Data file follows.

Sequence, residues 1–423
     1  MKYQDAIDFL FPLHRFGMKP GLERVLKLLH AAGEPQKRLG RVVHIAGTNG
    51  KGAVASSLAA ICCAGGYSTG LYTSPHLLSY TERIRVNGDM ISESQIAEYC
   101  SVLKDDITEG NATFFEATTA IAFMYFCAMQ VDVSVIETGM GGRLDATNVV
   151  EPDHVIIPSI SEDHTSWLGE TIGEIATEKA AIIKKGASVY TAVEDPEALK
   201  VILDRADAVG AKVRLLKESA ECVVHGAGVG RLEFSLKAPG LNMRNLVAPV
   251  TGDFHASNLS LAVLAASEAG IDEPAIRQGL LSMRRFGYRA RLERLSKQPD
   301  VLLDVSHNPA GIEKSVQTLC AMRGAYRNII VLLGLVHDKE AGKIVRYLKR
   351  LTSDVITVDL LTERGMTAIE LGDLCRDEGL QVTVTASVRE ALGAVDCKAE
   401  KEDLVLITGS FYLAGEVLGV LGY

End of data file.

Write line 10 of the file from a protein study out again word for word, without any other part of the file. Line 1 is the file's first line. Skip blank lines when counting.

   401  KEDLVLITGS FYLAGEVLGV LGY